Missouri - Surveillance Video is Discoverable in MO Workers’ Compensation Courts without showing of undue hardship by claimant.


In the recent Missouri Court of Appeals for the Western District case of State ex. rel. Feltz v. Bob Sight Ford, Inc.,the Court held that surveillance videotapes are discoverable to a workers’ compensation claimant without a showing of undue hardship under Rule 56.01(b)(3).

Injured worker Feltz filed a workers’ compensation claim against his employer, Bob Sight Ford (hereinafter “Ford”) after tripping on a stairwell carpet.  During the course of litigation, Feltz notified Ford that he intended to take the deposition of Ford’s insurance adjuster.  Further, Feltz issued a subpoena duces tecum ordering the insurance adjuster to produce any and all video surveillance held by Ford under Missouri Revised Statute §287.560.  Ford, in turn, moved to quash the deposition and subpoena duces tecum arguing that surveillance video is not considered a “statement” requiring production under RSMo. §287.215.    The Administrative Law Judge (ALJ) sustained Ford’s motion.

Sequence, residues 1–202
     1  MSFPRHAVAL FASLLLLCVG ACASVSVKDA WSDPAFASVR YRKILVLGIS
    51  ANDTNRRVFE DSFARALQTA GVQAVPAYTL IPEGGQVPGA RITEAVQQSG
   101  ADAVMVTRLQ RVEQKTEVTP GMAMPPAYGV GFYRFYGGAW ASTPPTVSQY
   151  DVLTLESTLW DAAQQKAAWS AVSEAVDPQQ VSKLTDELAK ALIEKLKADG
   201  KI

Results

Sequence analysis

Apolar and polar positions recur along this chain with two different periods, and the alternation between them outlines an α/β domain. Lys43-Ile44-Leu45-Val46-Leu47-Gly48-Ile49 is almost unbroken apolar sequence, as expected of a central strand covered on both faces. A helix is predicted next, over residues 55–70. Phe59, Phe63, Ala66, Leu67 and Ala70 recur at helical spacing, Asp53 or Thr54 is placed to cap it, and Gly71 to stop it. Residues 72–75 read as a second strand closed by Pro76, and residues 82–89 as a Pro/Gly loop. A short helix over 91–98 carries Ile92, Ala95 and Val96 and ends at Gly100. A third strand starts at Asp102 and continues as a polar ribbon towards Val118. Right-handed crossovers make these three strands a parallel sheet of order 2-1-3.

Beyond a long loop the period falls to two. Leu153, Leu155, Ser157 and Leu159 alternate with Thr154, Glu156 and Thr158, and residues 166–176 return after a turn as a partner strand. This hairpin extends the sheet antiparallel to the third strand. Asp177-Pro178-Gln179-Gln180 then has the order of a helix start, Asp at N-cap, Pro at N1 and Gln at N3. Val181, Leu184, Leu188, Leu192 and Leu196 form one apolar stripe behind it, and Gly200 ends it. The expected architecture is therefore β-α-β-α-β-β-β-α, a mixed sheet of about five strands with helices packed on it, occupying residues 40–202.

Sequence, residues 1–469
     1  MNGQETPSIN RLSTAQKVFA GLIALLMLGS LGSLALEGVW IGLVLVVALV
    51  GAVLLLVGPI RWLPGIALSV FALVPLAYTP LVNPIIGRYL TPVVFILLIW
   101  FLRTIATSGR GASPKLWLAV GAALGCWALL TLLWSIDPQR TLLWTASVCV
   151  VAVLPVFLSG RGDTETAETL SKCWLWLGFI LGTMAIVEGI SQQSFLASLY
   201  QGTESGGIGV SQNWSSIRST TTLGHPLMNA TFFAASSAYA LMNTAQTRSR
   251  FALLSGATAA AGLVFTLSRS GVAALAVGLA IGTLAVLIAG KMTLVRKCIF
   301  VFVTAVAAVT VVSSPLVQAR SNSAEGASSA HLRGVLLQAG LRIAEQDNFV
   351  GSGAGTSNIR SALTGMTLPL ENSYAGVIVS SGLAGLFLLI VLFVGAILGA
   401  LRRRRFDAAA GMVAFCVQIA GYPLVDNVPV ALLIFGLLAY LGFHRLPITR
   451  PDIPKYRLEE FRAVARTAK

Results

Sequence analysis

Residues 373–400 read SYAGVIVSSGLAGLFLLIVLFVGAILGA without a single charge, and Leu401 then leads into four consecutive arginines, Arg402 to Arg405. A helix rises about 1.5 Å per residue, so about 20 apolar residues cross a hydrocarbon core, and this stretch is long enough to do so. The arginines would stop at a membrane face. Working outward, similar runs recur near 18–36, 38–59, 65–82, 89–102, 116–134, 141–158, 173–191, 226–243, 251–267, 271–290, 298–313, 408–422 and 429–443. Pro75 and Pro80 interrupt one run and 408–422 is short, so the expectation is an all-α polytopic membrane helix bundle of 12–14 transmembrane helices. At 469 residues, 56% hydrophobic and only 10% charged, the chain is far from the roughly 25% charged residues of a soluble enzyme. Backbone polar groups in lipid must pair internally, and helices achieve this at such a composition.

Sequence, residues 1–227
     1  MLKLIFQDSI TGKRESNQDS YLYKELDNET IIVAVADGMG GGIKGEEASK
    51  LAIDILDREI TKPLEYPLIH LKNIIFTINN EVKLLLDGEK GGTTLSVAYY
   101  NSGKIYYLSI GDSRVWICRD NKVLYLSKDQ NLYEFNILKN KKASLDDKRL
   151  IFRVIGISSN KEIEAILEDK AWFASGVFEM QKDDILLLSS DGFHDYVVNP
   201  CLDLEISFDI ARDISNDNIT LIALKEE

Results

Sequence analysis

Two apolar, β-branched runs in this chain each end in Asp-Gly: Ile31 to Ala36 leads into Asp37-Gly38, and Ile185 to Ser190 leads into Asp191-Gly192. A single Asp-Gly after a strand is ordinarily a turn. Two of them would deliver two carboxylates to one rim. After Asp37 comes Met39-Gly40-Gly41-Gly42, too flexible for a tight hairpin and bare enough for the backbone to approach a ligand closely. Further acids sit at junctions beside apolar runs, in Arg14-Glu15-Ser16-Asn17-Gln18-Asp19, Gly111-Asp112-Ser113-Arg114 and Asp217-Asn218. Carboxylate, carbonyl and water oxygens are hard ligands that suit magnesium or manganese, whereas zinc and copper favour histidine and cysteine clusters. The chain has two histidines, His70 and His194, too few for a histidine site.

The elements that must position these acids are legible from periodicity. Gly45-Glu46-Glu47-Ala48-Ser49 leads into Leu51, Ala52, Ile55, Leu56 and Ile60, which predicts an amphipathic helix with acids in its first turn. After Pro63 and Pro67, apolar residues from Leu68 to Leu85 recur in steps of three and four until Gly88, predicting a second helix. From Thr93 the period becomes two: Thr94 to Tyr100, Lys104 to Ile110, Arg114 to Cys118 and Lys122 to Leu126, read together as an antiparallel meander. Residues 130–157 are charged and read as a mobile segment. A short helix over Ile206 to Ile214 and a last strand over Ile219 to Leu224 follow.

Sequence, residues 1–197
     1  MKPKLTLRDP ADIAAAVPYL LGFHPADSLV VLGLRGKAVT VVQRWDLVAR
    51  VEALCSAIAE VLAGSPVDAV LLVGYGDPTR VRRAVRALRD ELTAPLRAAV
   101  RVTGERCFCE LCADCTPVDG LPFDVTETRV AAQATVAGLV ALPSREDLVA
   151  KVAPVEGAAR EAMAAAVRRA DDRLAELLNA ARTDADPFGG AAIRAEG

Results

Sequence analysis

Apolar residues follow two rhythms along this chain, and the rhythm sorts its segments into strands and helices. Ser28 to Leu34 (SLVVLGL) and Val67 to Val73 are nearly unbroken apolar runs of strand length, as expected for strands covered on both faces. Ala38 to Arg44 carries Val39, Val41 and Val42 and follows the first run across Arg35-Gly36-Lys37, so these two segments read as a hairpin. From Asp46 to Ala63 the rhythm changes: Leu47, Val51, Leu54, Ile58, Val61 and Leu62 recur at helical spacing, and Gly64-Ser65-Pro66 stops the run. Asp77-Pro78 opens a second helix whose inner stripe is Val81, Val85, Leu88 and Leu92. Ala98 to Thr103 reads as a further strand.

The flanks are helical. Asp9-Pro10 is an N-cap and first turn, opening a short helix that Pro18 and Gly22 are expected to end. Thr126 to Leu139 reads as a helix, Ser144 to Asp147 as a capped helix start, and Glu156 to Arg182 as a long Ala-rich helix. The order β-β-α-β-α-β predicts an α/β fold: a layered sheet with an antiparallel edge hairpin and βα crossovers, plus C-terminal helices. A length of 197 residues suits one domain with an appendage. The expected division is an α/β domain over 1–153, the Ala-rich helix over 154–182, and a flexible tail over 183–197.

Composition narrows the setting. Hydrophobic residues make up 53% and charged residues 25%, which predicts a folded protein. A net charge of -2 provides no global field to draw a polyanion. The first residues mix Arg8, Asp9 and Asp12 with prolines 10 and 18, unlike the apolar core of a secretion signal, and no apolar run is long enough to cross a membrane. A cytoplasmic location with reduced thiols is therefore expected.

Feltz appealed to the Circuit Court which held that surveillance videotapes  are not discoverable by an employee under RSMo. §287.215, as such statute is effectively a statutory work product exception.  However, the subpoena at issue was not brought pursuant to RSMo. §287.215, but under RSMo. §287.560 which authorizes workers’ compensation proceedings to be conducted in the same manner as civil matters in circuit court.  Accordingly, Rule 56.01 governs general discovery in civil matters and allows a party to obtain without the required showing [of undue hardship] a prior statement made by that party also defined as a[n] audio, video, motion picture or other recording.

Interestingly, Rule 56.01 only applied in this particular case because Claimant requested the surveillance videotapes through a subpoena duces tecum pursuant to §287.560.  Had Claimant made his request pursuant to RSMo. §287.215, the result would differ as §287.215 specifically excludes videotapes from its definition of “statement” and also clearly indicates the definition provided “applies to the term ’statement’ as used in RSMo. §287.215 and does not apply to other statues, like RSMo. §287.560.

In sum, if a Claimant wants to compel discovery of the employer/adjuster’s surveillance video, they need only issue a subpoena duces tecum under RSMo. §287.560.

Rubina S. Khaleel
Managing Partner
Adelson, Testan, Brundo, Novell & Jimenez
14301 FNB Parkway, Suite 304
Omaha, NE 68154

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